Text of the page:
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Modelling Vulnerability in the UK

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  • Sanghamitra Bandyopadhyay
  • Frank A Cowell

Abstract

In this paper we examine the concept of "vulnerability" (Townsend 1994) within thecontext of income mobility of the poor. We test for the dynamics of vulnerablehouseholds in the UK using Waves 1 - 12 of the British Household Panel Survey andfind that, of three different types of risks that we test for, household-specific shocksand economy-wide aggregate shocks have the greatest impact on consumption, incomparison to shocks to the income stream. Quantile-specific estimates revealspecific quantiles, particularly those around the poverty line which are mostsusceptible to be vulnerable to shocks to the income stream. The estimates are foundto be robust to household composition and year-specific shocks.

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Bibliographic Info

Paper provided by Suntory and Toyota International Centres for Economics and Related Disciplines, LSE in its series STICERD - Distributional Analysis Research Programme Papers with number 89.

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Date of creation: Feb 2007
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Handle: RePEc:cep:stidar:89

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Web page: http://sticerd.lse.ac.uk/_new/publications/default.asp

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Keywords: income variability; vulnerability; income dynamics; BHPS;

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  1. Richard Blundell & Ian Preston, 1997. "Consumption, inequality and income uncertainty," IFS Working Papers, Institute for Fiscal Studies W97/15, Institute for Fiscal Studies.
  2. Townsend, Robert M, 1994. "Risk and Insurance in Village India," Econometrica, Econometric Society, Econometric Society, vol. 62(3), pages 539-91, May.
  3. Costas Meghir & Luigi Pistaferri, 2004. "Income Variance Dynamics and Heterogeneity," Econometrica, Econometric Society, Econometric Society, vol. 72(1), pages 1-32, 01.
  4. Deaton, Angus & Paxson, Christina, 1994. "Intertemporal Choice and Inequality," Journal of Political Economy, University of Chicago Press, University of Chicago Press, vol. 102(3), pages 437-67, June.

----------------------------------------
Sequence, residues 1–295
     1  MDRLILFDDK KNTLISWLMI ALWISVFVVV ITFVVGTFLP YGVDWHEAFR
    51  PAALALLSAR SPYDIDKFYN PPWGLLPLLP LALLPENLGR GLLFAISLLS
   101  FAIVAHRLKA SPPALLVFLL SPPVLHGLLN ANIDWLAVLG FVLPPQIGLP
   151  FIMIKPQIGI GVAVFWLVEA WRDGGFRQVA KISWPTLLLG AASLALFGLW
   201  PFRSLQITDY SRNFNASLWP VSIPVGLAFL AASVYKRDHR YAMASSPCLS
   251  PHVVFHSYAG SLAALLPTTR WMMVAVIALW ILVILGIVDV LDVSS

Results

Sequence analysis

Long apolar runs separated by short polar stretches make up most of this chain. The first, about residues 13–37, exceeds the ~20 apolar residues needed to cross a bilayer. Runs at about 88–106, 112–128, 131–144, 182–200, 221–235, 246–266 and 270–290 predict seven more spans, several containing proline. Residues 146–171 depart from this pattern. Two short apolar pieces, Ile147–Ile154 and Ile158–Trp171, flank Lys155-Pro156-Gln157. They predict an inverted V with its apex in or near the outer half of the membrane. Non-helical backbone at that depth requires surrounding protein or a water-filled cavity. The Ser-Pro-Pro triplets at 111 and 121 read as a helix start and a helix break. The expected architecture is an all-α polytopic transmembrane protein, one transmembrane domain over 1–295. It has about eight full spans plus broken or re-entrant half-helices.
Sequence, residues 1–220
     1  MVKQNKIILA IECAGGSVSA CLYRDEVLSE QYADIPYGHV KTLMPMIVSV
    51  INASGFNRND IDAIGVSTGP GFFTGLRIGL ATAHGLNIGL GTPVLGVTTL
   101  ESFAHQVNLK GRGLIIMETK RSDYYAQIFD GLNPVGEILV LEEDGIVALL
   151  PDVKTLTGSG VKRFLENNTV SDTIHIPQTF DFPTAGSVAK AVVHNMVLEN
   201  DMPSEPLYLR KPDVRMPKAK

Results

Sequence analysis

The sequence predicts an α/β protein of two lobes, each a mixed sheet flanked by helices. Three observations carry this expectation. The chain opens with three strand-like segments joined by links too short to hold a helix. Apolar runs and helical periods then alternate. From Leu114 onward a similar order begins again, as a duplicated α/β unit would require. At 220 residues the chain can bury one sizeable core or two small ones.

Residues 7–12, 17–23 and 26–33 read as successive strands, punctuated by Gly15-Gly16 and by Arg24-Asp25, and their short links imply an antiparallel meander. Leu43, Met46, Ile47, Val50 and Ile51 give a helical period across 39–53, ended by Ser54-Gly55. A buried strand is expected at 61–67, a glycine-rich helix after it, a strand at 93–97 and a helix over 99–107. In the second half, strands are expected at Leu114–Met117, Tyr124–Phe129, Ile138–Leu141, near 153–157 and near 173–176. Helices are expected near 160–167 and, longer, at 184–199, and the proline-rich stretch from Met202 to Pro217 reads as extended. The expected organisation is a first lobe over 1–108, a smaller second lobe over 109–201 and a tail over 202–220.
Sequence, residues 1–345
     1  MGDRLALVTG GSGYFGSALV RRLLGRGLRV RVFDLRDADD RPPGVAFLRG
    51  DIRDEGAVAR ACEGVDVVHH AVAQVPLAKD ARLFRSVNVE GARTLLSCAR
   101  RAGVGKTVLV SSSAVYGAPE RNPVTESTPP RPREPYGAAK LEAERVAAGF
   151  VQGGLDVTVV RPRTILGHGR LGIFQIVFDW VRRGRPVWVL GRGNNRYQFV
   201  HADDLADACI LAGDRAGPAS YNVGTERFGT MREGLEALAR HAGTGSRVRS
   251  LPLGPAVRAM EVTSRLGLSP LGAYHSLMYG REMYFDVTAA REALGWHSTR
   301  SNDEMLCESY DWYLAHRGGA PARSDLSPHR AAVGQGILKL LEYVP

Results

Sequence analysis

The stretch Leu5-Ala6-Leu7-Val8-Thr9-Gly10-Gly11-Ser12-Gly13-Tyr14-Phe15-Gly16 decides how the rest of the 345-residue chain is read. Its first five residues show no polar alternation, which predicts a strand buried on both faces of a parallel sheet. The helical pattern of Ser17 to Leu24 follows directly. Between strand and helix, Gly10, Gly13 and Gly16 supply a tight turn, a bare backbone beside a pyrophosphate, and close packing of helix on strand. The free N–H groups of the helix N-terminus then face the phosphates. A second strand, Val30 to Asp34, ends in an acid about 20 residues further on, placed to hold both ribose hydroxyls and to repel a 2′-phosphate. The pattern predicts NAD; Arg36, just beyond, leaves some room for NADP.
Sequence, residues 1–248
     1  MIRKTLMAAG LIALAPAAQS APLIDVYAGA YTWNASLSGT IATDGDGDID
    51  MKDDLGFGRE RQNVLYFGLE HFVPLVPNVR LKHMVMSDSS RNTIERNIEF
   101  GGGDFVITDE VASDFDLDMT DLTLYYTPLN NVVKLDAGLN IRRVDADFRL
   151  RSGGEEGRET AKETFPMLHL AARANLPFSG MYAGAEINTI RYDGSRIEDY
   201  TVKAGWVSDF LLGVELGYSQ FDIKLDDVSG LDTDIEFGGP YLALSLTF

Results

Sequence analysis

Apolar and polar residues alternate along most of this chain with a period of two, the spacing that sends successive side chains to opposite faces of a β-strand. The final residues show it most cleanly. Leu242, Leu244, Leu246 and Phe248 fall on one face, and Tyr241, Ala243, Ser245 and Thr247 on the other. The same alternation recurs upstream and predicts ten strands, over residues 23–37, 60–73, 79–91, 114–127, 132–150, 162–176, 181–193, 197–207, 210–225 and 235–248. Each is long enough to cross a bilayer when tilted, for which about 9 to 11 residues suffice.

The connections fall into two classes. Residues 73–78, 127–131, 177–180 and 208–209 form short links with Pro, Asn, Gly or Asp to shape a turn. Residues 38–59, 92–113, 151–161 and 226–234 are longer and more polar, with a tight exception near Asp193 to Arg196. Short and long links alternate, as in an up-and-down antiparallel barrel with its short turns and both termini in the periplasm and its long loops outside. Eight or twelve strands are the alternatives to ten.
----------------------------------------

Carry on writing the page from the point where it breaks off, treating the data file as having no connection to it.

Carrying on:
5. Amin, Sajeda & Rai, Ashok S. & Topa, Giorgio, 2003. "Does microcredit reach the poor and vulnerable? Evidence from northern Bangladesh," Journal of Development Economics, Elsevier, vol. 70(1), pages 59-82, February.
  6. Ramos, Xavi & Schluter, Christian, 2006. "Subjective Income Expectations and Income Risk," IZA Discussion Papers 1950, Institute for the Study of Labor (IZA).
  7. Mary Jo Bane & David T. Ellwood, 1986. "Slipping into and out of Poverty: The Dynamics of Spells," Journal of Human Resources, University of Wisconsin Press, vol. 21(1), pages 1-23.
  8. Buhmann, Brigitte, et al, 1988. "Equivalence Scales, Well-Being, Inequality, and Poverty: Sensitivity Estimates across Ten Countries Using the Luxembourg Income Study (LIS) Database," Review of Income and Wealth, International Association for Research in Income and Wealth, vol. 34(2), pages 115-42, June.
  9. Jappelli, Tullio & Pistaferri, Luigi, 2005. "Intertemporal choice and consumption mobility," CFS Working Paper Series 2005/28, Center for Financial Studies (CFS).
  10. Ligon, Ethan & Laura Schechter, 2002. "Measuring Vulnerability," Royal Economic Society Annual Conference 2002, Royal Economic Society 128, Royal Economic Society.
  11. Stephen P. Jenkins, 2000. "Modelling household income dynamics," Journal of Population Economics, Springer, vol. 13(4), pages 529-567.
  12. repec:ese:iserwp:99-25 is not listed on IDEAS
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Cited by:
  1. Nicholas Rohde & Kam Ki Tang & Prasada Rao, 2011. "Income volatility and insecurity in the U.S., Germany and Britain," Discussion Papers Series 434, School of Economics, University of Queensland, Australia.
  2. Celidoni, Martina, 2011. "Vulnerability to poverty: An empirical comparison of alternative measures," MPRA Paper 33002, University Library of Munich, Germany.
  3. Sanghamitra Bandyopadhyay, 2012. "The Vulnerable Are Not (Necessarily) the Poor," Working Papers 40, Queen Mary, University of London, School of Business and Management, Centre for Globalisation Research.

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